Ava Harmon ’21
Music is important. It always has been, but feels even more so in this time of mass cancellations and closures, widespread sheltering, and change. You can see its importance— like its calming effect and ability to help build community—when our own alum Brandon Bell (PSD ’18) sings "His Eye is On the Sparrow," when Yo-Yo Ma participates in the #songsofcomfort movement by playing “Going Home,” or as quarantined Tenor Maurizio Marchini performs “Nessun Dorma” from his balcony in Florence.
A few weeks ago, I spoke with members of SFCM’s artistic faculty about the importance of music. In the spirit of bringing a bit of good into this space of uncertainty, I feel that now is the best time to share their uplifting answers. So, here are their responses—they’re full of light and of wisdom.
Brass Chair Adam Luftman
“[Music] is a way to bring people from many different backgrounds together to share something beautiful and thought-provoking. In this increasingly divided and distracted society, music allows performers and audience members to feel something and communicate with one another without speaking. Though music affects everyone differently—depending on their taste and current frame of mind—it truly has the power to bring us together to experience something not only entertaining, but meaningful.”
Sound Engineer Kelley Coyne
“Music is important to me because it’s one of the only things that stops time. When I’m listening to something that I really love or [when I’m] singing, I’m able to get out of the day in a way that not a lot of things do for me. I record and I get to stop the thoughts in the self. It's so hard, day to day, constantly being aware and music allows you to get out of that awareness in a way that’s so beautiful. We get to connect through that too. When you see someone who’s just really lost in their music, it's just so beautiful and that part of you gets enlightened.”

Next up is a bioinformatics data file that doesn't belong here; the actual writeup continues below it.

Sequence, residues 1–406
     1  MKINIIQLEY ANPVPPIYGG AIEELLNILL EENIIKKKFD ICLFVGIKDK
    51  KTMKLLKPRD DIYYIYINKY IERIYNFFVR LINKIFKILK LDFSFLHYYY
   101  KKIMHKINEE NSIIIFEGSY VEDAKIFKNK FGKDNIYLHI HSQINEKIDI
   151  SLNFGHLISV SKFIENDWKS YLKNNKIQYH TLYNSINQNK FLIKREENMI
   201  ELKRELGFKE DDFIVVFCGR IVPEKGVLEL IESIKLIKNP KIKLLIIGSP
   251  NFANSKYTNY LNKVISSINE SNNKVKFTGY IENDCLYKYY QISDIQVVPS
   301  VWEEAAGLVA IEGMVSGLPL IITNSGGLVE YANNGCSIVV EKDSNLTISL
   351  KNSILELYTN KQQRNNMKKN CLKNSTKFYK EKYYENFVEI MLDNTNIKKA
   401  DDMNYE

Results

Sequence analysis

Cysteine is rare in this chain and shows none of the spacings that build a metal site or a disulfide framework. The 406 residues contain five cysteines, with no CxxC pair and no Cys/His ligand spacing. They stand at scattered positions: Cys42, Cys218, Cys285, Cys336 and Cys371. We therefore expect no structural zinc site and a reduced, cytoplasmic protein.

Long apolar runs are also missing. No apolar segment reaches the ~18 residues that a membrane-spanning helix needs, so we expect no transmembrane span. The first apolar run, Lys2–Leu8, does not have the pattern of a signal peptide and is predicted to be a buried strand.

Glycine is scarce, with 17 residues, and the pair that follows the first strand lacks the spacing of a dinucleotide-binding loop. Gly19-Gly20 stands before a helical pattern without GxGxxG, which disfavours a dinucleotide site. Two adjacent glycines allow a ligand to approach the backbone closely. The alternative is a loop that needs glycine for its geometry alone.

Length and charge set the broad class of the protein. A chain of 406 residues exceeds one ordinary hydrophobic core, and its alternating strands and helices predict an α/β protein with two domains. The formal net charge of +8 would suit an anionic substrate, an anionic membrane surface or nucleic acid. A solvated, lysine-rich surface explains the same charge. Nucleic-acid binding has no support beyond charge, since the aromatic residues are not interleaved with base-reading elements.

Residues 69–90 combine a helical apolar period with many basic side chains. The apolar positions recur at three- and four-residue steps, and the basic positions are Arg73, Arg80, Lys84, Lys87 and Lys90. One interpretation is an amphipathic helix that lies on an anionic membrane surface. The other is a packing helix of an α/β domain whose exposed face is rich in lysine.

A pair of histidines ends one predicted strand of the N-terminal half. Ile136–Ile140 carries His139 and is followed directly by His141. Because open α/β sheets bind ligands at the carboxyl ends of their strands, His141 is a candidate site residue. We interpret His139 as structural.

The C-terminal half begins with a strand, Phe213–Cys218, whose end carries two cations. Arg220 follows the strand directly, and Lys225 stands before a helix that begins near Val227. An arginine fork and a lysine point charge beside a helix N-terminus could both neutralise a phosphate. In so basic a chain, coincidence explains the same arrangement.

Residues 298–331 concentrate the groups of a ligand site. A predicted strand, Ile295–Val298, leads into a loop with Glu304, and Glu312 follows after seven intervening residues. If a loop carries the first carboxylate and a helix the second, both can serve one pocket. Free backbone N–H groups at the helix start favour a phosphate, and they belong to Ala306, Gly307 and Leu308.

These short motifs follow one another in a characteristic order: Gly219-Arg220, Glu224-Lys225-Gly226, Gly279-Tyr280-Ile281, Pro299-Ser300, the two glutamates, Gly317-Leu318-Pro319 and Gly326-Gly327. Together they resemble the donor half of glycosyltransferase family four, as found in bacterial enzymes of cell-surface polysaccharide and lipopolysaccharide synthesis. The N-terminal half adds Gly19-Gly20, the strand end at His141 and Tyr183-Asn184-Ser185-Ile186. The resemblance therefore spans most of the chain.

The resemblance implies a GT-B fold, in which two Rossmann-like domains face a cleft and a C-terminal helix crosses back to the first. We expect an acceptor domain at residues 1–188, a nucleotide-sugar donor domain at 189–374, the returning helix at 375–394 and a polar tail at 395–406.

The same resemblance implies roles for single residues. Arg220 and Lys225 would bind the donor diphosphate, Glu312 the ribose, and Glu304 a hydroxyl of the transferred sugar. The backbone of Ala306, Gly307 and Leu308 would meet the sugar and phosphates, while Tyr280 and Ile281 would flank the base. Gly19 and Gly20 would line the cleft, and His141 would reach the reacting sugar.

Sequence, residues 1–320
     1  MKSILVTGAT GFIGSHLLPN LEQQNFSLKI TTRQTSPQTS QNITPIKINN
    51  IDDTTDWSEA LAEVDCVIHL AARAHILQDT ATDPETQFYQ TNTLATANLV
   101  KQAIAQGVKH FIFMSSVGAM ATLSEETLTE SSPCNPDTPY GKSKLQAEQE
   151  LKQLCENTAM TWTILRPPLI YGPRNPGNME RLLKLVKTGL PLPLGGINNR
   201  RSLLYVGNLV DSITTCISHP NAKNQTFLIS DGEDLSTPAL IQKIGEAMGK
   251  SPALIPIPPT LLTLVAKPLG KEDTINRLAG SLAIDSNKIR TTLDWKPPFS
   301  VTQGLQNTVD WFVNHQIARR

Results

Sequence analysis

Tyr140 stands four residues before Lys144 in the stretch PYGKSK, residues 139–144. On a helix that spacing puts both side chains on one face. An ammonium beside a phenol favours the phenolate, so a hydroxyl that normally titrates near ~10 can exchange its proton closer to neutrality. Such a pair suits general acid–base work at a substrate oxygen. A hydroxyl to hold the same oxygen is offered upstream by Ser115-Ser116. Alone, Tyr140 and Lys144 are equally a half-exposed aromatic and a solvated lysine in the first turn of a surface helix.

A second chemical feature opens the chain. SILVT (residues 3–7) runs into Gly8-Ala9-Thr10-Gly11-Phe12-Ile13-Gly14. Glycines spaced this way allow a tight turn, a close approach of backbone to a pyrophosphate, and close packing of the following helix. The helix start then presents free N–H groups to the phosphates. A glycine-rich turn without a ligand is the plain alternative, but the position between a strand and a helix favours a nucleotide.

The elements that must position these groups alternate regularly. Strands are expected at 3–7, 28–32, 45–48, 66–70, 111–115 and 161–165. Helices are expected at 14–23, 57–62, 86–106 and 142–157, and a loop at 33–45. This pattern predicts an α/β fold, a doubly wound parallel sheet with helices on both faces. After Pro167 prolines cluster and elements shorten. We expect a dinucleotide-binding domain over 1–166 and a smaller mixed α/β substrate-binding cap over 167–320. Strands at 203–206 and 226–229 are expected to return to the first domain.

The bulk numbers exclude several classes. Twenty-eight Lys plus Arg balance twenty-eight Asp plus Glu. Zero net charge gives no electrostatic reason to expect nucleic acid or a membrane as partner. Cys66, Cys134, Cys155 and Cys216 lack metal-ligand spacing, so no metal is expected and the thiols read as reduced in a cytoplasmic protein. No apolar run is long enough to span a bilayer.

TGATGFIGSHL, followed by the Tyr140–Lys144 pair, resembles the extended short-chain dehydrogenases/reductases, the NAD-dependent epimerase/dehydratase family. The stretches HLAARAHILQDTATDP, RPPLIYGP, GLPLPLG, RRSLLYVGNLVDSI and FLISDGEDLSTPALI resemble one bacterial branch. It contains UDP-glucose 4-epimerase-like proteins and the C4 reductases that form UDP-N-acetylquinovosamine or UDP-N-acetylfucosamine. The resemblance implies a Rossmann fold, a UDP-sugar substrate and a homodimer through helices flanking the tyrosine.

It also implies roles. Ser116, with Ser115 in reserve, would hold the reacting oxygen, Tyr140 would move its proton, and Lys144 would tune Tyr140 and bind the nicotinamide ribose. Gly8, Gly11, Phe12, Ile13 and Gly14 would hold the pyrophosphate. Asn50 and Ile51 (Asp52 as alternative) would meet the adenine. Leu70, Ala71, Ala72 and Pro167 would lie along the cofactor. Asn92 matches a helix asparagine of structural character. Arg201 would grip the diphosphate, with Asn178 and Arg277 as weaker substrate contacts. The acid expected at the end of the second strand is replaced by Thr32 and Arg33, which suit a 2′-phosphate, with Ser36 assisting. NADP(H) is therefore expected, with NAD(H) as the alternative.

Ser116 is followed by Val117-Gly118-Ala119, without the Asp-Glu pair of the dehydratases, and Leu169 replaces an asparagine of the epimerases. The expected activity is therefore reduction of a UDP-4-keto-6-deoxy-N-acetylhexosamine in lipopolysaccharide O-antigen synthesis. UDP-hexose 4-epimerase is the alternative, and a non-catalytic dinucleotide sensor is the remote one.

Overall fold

Faculty Member Matt Worth
“Music is important to me because it helps me to express [myself]. We have so many different avenues we can use of expressing ourselves in 2020, but there’s something that’s wonderful about the creation of music and the self. The creation of music, the playing of music, the singing of music, the listening to music seems to draw us into something that's a little more real. It’s something that allows for connectivity and empathy, and all of these wonderful sorts of catchwords that are so easily thrown around. But, really when we do it, it actually does make those amazing qualities present. Music makes that happen, and that’s why [it] is important.”
This path is uncharted. Who knows what will happen in the days or weeks to come, but as I was reminded today by my best friend, we should focus on the things we can do instead of the things we can’t. Can we call the ones we love? Can we sing to our neighbors across the street? Can we play, or listen to, music so we feel a bit more whole? Whatever it is we can do, we should do it.
To everyone reading, I hope you all are healthy and safe. I hope that this brings you a bit of calm during this time and I hope that you let music envelop you—that you let music show you its importance as we navigate the unknown together.
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